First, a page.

race car drifting into lane next to it
Real-world data drift can have measurable long-term impacts PHOTO: Sergei Boldt

Developing a decision tree project can feel a lot like logging into your Netflix or Hulu account. There are so many programming choices that you can stay glued to your laptop for a long, long time.

But one thing that leave you feeling chained to your screen is data drift. Data drift is the sum of data changes — think mobile interactions, sensor logs and web clickstreams — that started life as well-meaning business tweaks or system updates, as CMSWire contributor, Girish Pancha, explains in greater detail here.

Analytics Versus Machine Learning

Data drift can be particularly troublesome for decision tree analysis. The key to understanding why is rooted in understanding how machine learning differs from analytics. 

If you have used web analytics, then you have been exposed to descriptive analysis such as dashboard reports that rely on charts, alerts, medians and metrics.

Machine learning takes a different approach to reaching data conclusions. Machine learning relies on both historical and live data to produce decision analysis. This approach uses induction — the process of identifying a statistical relationship in data between a wide variety of data sources. Analysts can then select the best model to be deployed on live data as a production model going forward. 

Consistency is Vital to Decision Analysis

The value from decision tree modeling lies in deriving consistency from the decision analysis: will a given relationship hold up for most datasets? Any patterns detected can then be used to answer data-related business questions with greater accuracy than the results reported in analytics solutions. 

But errors introduced into the data can produce errors within the production model. Historical data can produce errors within the prototype model, through the introduction of data drift.   

Don’t Scale Your Errors

However, live data errors unaccounted for in the prototype model can slip into the production model. A common example happens with ‘overfit’ decision tree models, where a model performs well on training data but fails once the model is placed into production.  

Overfitting generally happens when the model creates too many branches to account for data idiosyncrasies such as outliers and irregularities. That’s because in the process, the model algorithm increases the test set error, thus decreasing the accuracy of the model predictions. And be it historical data or live data, when the model is used extensively, errors can scale their impact quickly. 

Keep in mind that test models never assume data drift. Yet real-world data drift can have measurable long-term impact on advanced machine learning processes such as the kind of deep learning algorithms that attempt to model high-level abstractions in data or bots that are made smarter through brute-force training.  

A Decision Analysis Cheat Sheet for Marketers 

So what should marketers who aren’t data scientists watch out for?   

1. Prototype your models before scaling them

Consider using simple prototype models to flush out categorical problems or reveal bad values before the model is scaled. A good prototype should give some indication of what basic threshold conditions should exist. You can then recreate those conditions to allow for early evaluation and nip decision tree overfitting in the bud before it starts.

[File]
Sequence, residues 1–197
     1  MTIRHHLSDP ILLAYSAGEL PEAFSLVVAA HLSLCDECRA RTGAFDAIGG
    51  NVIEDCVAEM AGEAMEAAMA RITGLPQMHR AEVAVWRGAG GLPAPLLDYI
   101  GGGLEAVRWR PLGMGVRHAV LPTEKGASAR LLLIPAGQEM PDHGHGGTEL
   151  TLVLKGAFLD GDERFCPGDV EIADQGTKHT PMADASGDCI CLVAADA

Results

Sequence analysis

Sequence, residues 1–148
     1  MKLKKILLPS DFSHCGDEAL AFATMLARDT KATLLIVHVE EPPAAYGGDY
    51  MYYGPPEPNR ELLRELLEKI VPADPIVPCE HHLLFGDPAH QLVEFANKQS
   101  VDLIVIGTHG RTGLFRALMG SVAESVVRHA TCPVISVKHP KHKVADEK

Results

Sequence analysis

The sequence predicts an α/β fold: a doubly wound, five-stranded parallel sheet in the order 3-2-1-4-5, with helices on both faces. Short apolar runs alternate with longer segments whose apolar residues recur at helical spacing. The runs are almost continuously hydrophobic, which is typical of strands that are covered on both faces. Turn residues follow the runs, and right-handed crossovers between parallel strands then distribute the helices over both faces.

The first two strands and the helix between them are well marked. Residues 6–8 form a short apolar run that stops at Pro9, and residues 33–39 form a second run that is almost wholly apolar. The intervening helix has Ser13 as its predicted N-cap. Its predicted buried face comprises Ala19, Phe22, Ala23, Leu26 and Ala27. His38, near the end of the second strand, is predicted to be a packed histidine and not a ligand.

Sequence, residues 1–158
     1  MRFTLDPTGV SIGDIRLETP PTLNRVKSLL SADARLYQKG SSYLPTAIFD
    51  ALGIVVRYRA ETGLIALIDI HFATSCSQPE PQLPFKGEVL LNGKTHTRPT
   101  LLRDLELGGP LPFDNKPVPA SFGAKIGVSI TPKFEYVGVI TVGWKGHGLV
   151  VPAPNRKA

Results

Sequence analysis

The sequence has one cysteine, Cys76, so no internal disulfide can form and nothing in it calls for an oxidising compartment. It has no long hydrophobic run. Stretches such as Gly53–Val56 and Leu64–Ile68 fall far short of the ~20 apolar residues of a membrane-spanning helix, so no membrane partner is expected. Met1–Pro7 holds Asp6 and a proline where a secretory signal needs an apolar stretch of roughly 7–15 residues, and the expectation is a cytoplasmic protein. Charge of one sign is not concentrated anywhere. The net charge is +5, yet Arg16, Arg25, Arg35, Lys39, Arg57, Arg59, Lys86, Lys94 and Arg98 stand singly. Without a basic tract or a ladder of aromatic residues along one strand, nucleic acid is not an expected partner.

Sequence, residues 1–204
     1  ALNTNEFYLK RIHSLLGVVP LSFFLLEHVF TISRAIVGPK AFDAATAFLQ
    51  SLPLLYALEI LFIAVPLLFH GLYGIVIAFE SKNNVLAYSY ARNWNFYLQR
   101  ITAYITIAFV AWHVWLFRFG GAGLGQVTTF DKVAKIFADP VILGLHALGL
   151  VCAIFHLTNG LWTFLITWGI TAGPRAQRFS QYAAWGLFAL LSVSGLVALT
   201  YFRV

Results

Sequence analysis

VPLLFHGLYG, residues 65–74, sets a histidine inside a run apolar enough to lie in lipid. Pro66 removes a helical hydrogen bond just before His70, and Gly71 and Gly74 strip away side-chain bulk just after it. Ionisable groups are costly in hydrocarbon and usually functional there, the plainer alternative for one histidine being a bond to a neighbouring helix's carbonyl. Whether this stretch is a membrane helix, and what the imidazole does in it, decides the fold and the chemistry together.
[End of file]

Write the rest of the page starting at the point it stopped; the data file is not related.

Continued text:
2. Identify decision steps where your model will face multiple outcomes

When planning a decision tree process, whiteboard and highlight potential decision steps where your model will face multiple outcomes. At these points, it may be possible for your model to learn something that holds true in general — or only discover patterns that hold within one certain dataset. It is at these points where tidy data is especially critical to avoiding errors.

3. Evaluate both the objective of the model and its assumptions

Review any categorical assumptions applied to the data, particularly for techniques such as clustering, which assigns data to groups based on scoring applied by analysts. Assigning too many categories to data can introduce unnecessary variables, so marketers must qualify the categories against the model’s objective to avoid introducing selection bias.

4. Cross-validate your data to optimize your solution

Establish a post-tree procedure using cross-validation data to check the effect of pruning. Cross-validation data tests whether improvements will come from expanding a labeled decision tree point, known as a node. If the results show a more optimal solution, then the model continues expanding that node. But if it shows a reduction in accuracy, then the node should be converted to a leaf node, which denotes the end of a decision tree branch. 

5. Ensure that all data come from the same time period

Training data and testing data must be drawn from the same time period. Training data from one time period and testing data from another time period can lead to misleading results, since the data may well change from period to period.

Tune In to Your Data and Stay Curious

Ultimately marketers using decision trees must keep the same perspective that good analytics practitioners must maintain — a high level of curiosity when reviewing data details and proactivity in reviewing results against objectives. Doing so won’t solve every problem, but it will make conducting an analysis as rewarding as binge watching your favorite show.